If we are distrustful of creeds and passionate in our love of freedom, there is one matter on which we hold strong views, that is the Church Meeting. In no other communion, with the exception of our friends the Baptists, will you find anything like it. It is at once our pride and glory, the very raison d'etre of our existence, and it is most important that you young people should know and understand what a Church Meeting really is. It has so often been likened to a democracy that I must hasten to say that a Congregational Church should not be governed by its members (as in a democratic state) but by the Holy Spirit whose will is made known through her members. We should come to a Church Meeting not to air out own views, nor with the express purpose of voting to prevent Mr. X from getting his way, but to wait patiently on the Lord so that we speak as men and women possessed of God's will. There is a solemn trust laid upon us of devoting and sanctifying every power of mind and heart in fellowship of thought and prayer, seeking after God's will, praying that God will give us the grace to see it and follow it when it is known. Often we are so chained to earthly things and so lack His grace that we are wilfully blind to His clear and unmistakable call.
Now, my dear children, let me warn you that when you go to your first Church Meeting you will probably be bitterly disappointed and disillusioned. Here I have set forth an ideal; in practice you will find things fall very short of this ideal. That, of course, is the measure of our failure, but is it not also a challenge and an opportunity for the future? You may find in South Street Church that varying people have entirely different conceptions of what Church membership really means. Here is a little extract from a recent article in the Christian World, which to me sums up the position.
"In no Church is any man a member save as he confesses in word, honest intention and life his will to make Christ his Lord. But in a Congregational Church something more is required. We covenant with God and with one another to do the will of God, and that involves us in the DUTY of attending the Church Meeting. No, I have used the word 'duty'. I must take it back and use the word 'delight'. It is imperative that attendance at Church meeting should come before any other consideration of any other kind at all. But the imperative is an inward necessity, for our delight is in the company of God's people."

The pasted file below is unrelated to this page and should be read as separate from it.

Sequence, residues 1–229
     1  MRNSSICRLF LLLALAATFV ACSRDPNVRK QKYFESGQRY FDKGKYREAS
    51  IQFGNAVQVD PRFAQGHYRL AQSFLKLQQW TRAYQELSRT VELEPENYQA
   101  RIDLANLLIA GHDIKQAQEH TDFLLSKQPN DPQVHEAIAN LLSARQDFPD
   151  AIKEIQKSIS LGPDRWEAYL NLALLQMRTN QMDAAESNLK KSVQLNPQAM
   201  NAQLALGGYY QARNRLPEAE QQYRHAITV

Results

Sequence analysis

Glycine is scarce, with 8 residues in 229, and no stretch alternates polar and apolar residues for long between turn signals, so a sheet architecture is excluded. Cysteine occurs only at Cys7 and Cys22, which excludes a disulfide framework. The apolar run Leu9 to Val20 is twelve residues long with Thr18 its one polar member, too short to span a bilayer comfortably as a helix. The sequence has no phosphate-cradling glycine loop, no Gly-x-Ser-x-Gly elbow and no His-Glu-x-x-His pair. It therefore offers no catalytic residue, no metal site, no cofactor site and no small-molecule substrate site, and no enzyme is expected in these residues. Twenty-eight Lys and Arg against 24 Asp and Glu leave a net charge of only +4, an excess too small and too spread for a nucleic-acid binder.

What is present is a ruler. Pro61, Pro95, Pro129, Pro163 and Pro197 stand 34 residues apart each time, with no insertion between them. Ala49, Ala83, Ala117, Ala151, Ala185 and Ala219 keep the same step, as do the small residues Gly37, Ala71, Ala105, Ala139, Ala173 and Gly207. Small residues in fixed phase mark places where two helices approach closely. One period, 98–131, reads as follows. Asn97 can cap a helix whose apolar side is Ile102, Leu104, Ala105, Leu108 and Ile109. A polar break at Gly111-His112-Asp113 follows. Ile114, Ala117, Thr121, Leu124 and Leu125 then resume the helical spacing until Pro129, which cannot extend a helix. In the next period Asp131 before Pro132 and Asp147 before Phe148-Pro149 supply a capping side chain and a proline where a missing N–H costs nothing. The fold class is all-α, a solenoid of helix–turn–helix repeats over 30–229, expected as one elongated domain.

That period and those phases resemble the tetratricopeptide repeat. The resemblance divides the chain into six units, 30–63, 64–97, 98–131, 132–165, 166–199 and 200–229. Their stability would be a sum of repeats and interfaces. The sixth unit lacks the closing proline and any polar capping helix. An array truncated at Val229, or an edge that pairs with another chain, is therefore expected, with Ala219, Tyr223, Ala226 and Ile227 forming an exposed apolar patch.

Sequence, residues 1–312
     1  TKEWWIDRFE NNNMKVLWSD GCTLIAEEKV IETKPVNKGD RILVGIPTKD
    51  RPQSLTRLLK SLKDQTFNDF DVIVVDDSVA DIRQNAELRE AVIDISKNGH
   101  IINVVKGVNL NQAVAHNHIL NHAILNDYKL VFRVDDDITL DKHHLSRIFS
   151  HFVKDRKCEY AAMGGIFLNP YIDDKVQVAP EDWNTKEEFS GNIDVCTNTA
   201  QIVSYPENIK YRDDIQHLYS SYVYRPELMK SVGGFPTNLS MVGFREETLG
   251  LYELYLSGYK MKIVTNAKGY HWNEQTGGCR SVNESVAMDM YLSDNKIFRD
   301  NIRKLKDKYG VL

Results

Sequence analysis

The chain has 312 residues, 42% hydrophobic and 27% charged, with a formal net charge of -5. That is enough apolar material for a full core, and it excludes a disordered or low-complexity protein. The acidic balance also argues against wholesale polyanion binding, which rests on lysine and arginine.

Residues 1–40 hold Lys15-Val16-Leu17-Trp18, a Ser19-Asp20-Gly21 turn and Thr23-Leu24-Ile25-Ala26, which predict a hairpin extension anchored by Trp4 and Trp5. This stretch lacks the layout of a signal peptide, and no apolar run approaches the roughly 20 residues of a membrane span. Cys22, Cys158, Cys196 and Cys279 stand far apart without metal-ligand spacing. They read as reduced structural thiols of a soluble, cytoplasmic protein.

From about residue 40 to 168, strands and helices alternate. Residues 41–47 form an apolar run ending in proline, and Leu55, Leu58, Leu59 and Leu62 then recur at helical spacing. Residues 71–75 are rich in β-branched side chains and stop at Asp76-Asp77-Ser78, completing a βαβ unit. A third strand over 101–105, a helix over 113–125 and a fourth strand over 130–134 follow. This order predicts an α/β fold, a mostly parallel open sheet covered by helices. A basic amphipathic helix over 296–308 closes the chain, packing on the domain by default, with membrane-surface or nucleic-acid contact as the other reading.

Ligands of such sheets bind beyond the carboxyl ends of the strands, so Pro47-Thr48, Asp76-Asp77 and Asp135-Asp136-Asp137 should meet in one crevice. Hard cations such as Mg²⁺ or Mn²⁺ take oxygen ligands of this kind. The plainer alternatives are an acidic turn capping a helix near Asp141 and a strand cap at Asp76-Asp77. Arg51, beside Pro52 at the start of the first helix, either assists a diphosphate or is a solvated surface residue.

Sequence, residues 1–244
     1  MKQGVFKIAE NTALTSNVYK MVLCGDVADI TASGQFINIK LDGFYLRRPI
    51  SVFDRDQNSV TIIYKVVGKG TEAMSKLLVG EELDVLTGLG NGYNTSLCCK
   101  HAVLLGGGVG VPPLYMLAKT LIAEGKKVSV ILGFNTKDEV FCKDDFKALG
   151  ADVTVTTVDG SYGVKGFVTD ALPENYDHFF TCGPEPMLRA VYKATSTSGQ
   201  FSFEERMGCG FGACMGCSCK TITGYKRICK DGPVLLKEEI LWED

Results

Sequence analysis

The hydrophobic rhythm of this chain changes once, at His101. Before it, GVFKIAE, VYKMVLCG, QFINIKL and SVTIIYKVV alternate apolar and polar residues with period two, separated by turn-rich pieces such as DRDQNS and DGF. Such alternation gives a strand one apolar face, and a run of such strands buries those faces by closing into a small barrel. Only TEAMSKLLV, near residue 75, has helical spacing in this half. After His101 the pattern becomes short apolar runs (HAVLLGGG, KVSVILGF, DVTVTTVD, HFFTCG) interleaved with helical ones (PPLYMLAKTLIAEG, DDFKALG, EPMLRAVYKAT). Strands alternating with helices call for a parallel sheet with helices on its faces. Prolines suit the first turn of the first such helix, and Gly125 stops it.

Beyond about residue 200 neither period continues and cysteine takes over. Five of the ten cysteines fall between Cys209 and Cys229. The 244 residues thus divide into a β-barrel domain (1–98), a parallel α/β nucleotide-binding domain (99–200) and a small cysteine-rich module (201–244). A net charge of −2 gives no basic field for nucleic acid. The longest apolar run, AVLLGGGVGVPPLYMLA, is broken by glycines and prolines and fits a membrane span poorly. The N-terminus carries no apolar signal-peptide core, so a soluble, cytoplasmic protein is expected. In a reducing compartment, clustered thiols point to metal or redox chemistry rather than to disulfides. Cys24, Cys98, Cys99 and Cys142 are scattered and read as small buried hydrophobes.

Well, my dear children, this is the end of my series. You are on the threshold of a most wonderful experience. It will give you great and abiding happiness as well as moments of despair and doubt. There will be times when on the heights you will see the Kingdom of God, but there will be valleys to go through which will test your faith to the uttermost. That our Heavenly Father will ever by your strength and stay is the earnest prayer of
Your ever loving
N.B. - As this is the last in this series of articles, it is right that you should know the name of the author: Mr. P. L. Brown [Church Secretary].
The following books have been used by him, and are recommended to those who require further information:-
A Brief History of English Congregationalism - by Albert Peel
History of English Congregationalism - by R. W. Dale
A Manual of Congregational Church Principles - by R. W. Dale
A Popular History of the Free Churches - by C. Silvester Horne
Three Hundred Years - by Albert Peel
This article was found in the November 1952 issue of Progress, the monthly magazine of the Romford Congregational Church
Being the tenth imaginary letter from an imaginary uncle to imaginary twins.
Dear Jack and Betty,
As you know I came to South Street Church last Sunday to hear you make your promise and to see you receive the right hand of fellowship, and during that short ceremony I saw something else. I glanced at your mother and father and saw them thrilled with joy as they watched their children joining the same family Church where they themselves had worshipped for so long. I saw the light of thankfulness in their eyes that the great decisions had been made and heard in the prayer in their hearts that our Heavenly Father would give those children help and strength to fight the good fight in the years ahead. You will need those prayers, for the Christian way of life is not easy. Never forget that Christ needs you young people, too. He needs the passion and enthusiasm of youth for it is to you we shall have to look now for the Great Revival of the 20th century.
Now I am almost to the last of my letters and I must hurry on for my self imposed task is nearly finished.